1

Does the following sentence

It is not good for all men here.

mean

1) It is not good for anyone here.

or

2) It is good for some of them, while not good for others.

I know I can use

It is not good for any man here

to precisely express the first meaning. But what's the meaning for the original sentence exactly ? Does it matter if it changes a bit like

It is not even good for all men here.

  • Comments are not for extended discussion; this conversation has been moved to chat. – snailcar Feb 22 '17 at 1:00
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The first option, "It is not good for anyone here", is the correct one. This sounds like a very formal statement, as "for all men" is not a construction which is generally used. "All men" probably includes both men and women, otherwise the phrase would be "it is not good for men here".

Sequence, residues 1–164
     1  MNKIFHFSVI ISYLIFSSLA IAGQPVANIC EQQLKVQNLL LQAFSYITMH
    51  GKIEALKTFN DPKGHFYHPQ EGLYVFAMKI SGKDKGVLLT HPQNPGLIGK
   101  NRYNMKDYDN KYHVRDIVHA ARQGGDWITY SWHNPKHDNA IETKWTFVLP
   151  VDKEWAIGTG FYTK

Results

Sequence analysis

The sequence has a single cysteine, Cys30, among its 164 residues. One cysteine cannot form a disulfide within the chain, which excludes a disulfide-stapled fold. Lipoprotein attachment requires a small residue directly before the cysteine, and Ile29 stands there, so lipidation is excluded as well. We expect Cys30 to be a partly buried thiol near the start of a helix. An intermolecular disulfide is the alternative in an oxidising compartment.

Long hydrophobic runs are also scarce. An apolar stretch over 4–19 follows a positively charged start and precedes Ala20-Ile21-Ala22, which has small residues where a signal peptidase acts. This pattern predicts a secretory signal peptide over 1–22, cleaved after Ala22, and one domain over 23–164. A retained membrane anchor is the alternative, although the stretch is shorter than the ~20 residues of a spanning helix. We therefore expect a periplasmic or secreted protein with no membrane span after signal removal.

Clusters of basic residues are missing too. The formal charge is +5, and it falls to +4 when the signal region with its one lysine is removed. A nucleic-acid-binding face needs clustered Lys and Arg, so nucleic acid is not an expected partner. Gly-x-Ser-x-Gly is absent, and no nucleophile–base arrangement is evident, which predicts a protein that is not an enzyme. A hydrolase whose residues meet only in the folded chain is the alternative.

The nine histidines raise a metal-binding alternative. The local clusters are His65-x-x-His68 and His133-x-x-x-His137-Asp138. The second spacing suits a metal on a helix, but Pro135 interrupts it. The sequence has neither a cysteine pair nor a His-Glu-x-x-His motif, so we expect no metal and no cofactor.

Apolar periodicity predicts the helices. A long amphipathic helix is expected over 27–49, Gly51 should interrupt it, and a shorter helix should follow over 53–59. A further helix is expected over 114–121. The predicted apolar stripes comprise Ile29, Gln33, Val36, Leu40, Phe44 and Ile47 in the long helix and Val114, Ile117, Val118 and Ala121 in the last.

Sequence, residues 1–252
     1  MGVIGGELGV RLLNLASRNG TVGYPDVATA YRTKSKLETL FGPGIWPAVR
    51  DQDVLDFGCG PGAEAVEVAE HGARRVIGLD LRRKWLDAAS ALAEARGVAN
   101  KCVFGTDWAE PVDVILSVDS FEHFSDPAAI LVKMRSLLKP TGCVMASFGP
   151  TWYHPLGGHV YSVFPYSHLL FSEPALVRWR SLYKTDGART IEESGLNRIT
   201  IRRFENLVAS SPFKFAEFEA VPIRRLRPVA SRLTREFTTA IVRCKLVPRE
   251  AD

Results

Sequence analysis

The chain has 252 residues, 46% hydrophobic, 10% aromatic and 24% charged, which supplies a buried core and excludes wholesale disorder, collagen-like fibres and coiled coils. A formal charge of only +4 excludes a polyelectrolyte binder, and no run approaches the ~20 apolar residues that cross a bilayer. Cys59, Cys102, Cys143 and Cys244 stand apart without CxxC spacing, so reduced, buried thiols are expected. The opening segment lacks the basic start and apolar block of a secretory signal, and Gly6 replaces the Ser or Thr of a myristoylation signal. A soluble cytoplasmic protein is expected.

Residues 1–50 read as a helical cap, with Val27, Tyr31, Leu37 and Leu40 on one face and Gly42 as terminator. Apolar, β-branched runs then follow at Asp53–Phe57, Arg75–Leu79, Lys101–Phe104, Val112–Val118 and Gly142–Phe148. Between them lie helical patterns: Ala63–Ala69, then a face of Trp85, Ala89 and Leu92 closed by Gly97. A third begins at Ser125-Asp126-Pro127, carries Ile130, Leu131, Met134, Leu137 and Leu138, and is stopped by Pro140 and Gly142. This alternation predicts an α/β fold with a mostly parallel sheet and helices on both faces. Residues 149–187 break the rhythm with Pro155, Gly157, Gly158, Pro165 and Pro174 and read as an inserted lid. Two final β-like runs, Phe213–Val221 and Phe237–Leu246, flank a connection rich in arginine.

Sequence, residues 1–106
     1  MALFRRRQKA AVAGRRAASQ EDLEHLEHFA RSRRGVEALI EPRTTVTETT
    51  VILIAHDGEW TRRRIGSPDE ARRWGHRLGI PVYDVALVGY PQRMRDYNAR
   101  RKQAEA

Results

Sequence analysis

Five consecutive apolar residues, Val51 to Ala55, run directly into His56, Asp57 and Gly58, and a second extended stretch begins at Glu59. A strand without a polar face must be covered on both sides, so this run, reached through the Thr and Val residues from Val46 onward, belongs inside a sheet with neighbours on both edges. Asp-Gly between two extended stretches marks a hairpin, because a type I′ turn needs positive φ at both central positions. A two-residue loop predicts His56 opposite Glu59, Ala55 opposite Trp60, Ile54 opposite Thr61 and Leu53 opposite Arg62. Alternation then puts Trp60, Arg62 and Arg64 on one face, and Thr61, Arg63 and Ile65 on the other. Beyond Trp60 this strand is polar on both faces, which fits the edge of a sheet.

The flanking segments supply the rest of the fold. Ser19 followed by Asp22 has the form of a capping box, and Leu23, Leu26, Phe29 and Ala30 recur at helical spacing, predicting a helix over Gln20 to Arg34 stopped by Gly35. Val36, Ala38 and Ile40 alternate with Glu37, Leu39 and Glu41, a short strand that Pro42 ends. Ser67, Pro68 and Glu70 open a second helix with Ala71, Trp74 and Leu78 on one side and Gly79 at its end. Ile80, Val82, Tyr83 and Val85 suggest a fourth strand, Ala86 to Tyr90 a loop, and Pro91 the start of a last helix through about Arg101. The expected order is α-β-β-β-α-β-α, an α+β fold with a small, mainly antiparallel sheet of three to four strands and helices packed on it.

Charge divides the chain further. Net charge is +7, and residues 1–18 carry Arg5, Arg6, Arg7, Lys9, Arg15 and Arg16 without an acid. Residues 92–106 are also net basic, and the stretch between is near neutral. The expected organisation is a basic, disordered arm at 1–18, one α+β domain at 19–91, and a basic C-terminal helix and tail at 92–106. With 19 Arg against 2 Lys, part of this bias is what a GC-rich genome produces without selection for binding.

"It is not even good for all men here" is a very strange sentence. With a small change, it could be the second sentence of a series, where the first would be "It is not good for men here", followed by "It is not even good for women here".

  • Do you mean 'informal statement' ? I guess I should be more specific that the man here means people. Maybe I should change 'man' to 'person' to make it more precise. I feel confused because it seems violates my knowledge that the negation of 'all' is partial negation. I explained in my above comment. – Hua Feb 6 '17 at 11:58

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